Book Review: Nourishing Traditions


Hey, guys. Sorry it took me so long to post this entry! I haven’t had as much free time for writing as I would have liked, and I’ve also been a bit lazy about posting. I have a bunch of rough drafts ready for this blog, but they still need some editing. Thanks for sticking with me, and I hope you find this post interesting and informative! I’ll add a picture later.


I think I have found my nutritional Holy Grail in “Nourishing Traditions.” Thanks to the recommendation of a fellow blogger, I purchased the book, and it has since been a joy to read. It was written by Sally Fallon; she’s a chef, journalist, and the founding president of the Weston A. Price Foundation. She teamed up with Dr. Mary Enig, an expert in nutrition (and lipids in particular) to write the book.

“Nourishing Traditions” is, at its heart, a very in-depth cookbook. However, at its roots is a philosophy derived from the research of a very intrepid dentist named Weston A. Price. This dude, in the 1930s, took it upon himself to travel the world, analyzing the diets of isolated traditional societies. He was exploring the connection between diet and tooth decay, but he ended up making observations about general health, including incidence of chronic diseases, mental illness, and success rates in childbearing. Price found commonalities between the diets of these peoples, regardless of their geographical location, which included the high consumption of fats; meat and organ meats; full-fat dairy products; legumes; vegetables; fruits; seeds; whole grains; and various fermented products within these categories. He also noted their low incidence of chronic disease, tooth decay, and mental illness, and their high rate of successful childbearing. Price compared this data to what he observed to be happening in western diets at the time, and documented his findings in the book “Nutrition and Physical Degeneration.”

Sally Fallon’s interpretation of Weston A. Price’s research resulted in “Nourishing Traditions,” which serves as a guide for the person who refutes the Standard American Diet; who is skeptical of advice from her aptly-titled “Diet Dictocrats;” and who appreciates the history and lore of traditional cooking.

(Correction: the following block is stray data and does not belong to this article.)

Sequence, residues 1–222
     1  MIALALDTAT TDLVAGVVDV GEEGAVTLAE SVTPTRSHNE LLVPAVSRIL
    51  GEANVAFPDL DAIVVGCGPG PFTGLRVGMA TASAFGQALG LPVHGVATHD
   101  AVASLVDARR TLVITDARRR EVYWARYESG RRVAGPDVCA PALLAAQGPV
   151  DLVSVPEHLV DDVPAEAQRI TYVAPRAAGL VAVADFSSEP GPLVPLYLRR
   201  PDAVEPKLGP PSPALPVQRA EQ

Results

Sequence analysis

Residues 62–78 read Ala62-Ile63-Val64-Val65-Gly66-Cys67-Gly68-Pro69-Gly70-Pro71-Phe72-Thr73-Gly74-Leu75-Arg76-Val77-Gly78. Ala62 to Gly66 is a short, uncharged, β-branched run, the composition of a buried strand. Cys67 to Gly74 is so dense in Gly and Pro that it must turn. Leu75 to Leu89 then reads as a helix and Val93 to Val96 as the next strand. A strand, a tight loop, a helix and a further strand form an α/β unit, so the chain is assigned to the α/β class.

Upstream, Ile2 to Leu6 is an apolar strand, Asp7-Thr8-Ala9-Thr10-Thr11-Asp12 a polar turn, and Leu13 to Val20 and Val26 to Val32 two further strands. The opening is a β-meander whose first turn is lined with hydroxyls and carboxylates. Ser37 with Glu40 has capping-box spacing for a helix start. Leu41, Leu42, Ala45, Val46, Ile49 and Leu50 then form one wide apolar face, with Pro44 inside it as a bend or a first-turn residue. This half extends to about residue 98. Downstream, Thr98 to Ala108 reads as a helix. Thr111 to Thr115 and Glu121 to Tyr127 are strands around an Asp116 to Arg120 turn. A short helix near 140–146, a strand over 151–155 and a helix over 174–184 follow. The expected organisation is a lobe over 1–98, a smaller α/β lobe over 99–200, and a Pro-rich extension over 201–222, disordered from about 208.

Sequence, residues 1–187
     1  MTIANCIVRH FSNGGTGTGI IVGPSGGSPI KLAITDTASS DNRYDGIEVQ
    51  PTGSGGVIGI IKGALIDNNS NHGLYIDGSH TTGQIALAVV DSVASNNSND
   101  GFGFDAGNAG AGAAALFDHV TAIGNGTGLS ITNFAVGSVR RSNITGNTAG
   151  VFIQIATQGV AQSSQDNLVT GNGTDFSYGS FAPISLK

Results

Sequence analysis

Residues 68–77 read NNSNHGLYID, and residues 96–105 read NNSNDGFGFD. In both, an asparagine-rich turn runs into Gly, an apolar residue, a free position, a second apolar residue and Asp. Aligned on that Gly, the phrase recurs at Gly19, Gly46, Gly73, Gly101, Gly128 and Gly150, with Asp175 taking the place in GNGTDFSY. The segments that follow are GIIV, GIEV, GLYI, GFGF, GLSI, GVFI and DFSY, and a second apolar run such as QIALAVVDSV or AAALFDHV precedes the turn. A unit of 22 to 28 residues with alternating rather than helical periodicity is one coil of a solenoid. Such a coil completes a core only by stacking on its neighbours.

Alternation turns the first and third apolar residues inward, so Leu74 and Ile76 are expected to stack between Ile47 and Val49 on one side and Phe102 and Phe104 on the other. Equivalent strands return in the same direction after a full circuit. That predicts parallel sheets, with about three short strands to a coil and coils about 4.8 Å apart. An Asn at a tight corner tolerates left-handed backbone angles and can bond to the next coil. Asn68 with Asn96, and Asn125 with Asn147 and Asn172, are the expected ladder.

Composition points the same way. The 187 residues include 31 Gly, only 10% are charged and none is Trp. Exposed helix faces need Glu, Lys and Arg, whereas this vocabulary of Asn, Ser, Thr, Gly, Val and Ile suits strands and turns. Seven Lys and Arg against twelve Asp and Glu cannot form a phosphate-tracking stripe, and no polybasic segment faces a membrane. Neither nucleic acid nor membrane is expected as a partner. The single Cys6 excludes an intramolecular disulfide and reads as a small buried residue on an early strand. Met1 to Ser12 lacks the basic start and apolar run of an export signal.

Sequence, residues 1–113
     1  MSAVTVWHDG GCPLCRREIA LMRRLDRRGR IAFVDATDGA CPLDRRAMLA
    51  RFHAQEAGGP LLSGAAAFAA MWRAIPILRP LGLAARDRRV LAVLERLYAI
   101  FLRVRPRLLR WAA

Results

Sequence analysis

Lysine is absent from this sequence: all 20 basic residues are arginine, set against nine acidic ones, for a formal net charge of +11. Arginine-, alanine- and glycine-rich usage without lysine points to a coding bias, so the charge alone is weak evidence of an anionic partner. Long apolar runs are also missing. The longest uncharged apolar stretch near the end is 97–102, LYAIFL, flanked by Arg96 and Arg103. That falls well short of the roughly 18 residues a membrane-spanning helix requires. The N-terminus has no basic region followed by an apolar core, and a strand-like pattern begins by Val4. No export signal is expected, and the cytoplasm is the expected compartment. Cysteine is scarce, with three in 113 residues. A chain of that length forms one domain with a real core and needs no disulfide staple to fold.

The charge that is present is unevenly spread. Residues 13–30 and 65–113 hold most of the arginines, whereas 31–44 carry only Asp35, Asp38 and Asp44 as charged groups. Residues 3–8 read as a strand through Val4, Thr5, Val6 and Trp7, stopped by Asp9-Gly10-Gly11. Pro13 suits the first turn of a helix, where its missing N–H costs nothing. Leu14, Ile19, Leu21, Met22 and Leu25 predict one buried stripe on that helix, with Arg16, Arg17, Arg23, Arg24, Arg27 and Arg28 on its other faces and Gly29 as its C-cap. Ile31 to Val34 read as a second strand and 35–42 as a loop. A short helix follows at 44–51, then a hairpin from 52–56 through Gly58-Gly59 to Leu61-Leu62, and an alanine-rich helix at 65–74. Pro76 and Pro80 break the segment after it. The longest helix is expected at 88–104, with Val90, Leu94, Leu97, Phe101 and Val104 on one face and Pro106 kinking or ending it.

“Nourishing Traditions” is well organized; there are informative ingredient and nutrient sections on fats, carbohydrates, enzymes, etc, and separate sections on how to prepare everything from appetizers, to entrees, to breads. The text is densely filled with valuable information; I’m just going to list the things I liked and disliked about the book:

First of all, this book validates my instinctual, historic refusal of low-fat food products for their fattier and less adulterated counterparts. I don’t think anyone’s ever seen me eat anything with the label “low-fat,” and now I feel even better about that decision. Fallon’s thesis is that you should eat food in as natural a state as possible, with all the fat that comes with it.

Fallon appreciates the synergistic approach of diet; she speaks often of the different vitamins increasing the viability of others when eaten in tandem. She also decries the process of fortification for this reason.

“Nourishing Traditions” is very thorough. It not only provides recipes, but also historical information about many of the dishes. Fallon makes sure to note the ways in which her food preparations increase the nutritional value of each ingredient or make them more easily digestible.

Time and Effort